RED SPRINGS — A plan for a bypass around Red Springs that has been talked about since 1998 is now heading back to the starting gate.
Red Springs Mayor John McNeill told town commissioners earlier this week that the proposed project was on the top of the state Department of Transportation’s list of long-range projects to pursue in Robeson County three or four years ago. It no longer is on the list of future DOT projects.
“I was told it was taken off the list because all of the environmental studies expired and now have to be done again,” he said. “We now need to get back on the list.”
The commissioners moved quickly to ask DOT consider the proposed bypass in its next project prioritization cycle. McNeill isn’t optimistic the project will begin any time soon.
“I don’t think you are going to see anyone out there in the near future with shovels in their hands,” he said.
The bypass, as originally conceived, would form a loop that would allow trucks, particularly those that stink of livestock, to avoid driving through downtown Red Springs, the mayor said. Overall, it would reduce the volume of all types of vehicular traffic using Main Street.
The proposed bypass has been on and off of the DOT’s State Transportation Improvement Program since 1998, said Andrew Barksdale, a DOT spokesperson. The Program is a 10-year-plan for funding various road projects and other transportation-related projects, such as sidewalks and green-ways, across the state. Funding for the project would be available at one time and then not available, he said.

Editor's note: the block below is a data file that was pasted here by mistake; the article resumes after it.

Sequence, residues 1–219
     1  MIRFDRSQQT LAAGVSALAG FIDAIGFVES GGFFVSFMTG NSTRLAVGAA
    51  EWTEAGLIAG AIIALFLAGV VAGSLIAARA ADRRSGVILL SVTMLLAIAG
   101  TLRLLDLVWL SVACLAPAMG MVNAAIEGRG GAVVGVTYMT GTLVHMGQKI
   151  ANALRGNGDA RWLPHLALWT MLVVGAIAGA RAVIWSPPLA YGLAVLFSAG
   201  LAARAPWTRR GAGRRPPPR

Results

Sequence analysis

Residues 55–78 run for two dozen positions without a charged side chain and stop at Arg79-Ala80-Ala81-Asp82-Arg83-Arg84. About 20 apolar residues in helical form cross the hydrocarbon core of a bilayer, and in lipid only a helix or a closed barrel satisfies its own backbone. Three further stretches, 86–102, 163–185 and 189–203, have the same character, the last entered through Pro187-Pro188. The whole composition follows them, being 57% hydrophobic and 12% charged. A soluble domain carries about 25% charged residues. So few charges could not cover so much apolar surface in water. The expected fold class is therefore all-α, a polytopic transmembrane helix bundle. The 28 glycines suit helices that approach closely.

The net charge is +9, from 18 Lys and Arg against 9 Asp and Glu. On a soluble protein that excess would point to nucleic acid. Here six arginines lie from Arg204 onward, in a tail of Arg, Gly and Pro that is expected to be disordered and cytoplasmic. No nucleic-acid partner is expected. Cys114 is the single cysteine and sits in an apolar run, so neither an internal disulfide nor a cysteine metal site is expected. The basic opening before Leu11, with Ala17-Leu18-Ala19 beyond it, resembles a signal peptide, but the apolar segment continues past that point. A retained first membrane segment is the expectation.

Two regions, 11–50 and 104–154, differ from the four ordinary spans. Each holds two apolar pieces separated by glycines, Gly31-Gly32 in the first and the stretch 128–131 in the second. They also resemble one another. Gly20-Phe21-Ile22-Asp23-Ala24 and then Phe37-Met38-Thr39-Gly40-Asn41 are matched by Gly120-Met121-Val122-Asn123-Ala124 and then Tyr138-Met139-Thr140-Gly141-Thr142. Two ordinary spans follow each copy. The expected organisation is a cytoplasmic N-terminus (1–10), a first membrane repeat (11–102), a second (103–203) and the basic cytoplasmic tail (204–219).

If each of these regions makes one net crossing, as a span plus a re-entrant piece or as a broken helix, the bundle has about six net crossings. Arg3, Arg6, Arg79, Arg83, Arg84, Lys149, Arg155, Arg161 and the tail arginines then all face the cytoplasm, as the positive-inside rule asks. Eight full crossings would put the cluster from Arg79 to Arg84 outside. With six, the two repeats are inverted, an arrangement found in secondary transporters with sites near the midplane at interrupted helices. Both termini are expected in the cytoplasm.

The project currently is not funded, Barksdale said. But projects in the State Transportation Improvement Program are updated and new projects added every two years.
“The plan for 2018 to 2027 was just finalized this week,” Barksdale said. “The next cycle of the program, at which time the Red Springs project could be added, is the 2020 to 2029 plan.”
Projects included in the 10-year plan are ranked on a combination of data-based information and local comments, he said.
“This has not been a high scoring project,” he said. “This project hasn’t competed well with other projects across the state.”
The DOT has completed a couple of major safety-related projects in Red Springs over the past few years, Barksdale said. One was a turning lane being added recently at the N.C. 211 and Old Lowery Road. The other was the widening of N.C. 211 to three lanes from Saratoga Street to the end of the business district on the east side of the town.
The timing for Red Springs officials to act on getting the bypass back in the DOT’s long-range plan is “perfect,” he said. The process for establishing projects for the 2020-29 plan is just beginning.
Each DOT division will be holding drop-in office hours for a week to provide members of the public a chance to participate in the process. Area residents wanting to offer suggestions and to hear about potential projects in Division 6, which includes Bladen, Columbus, Cumberland, Harnett and Robeson counties, can stop by the Division 6 office at 558 Gillespie St. in Fayetteville from 9 a.m. to 5 p.m. Aug. 21 to Aug. 25.
Until Aug. 31 comments about the upcoming 10-year plan can be made to Division Planning Engineer David Keilson at 919-220-4600, or firstname.lastname@example.org. Comments also can be made on the N.C. DOT website.
Bob Shiles can be reached at 910-416-5165.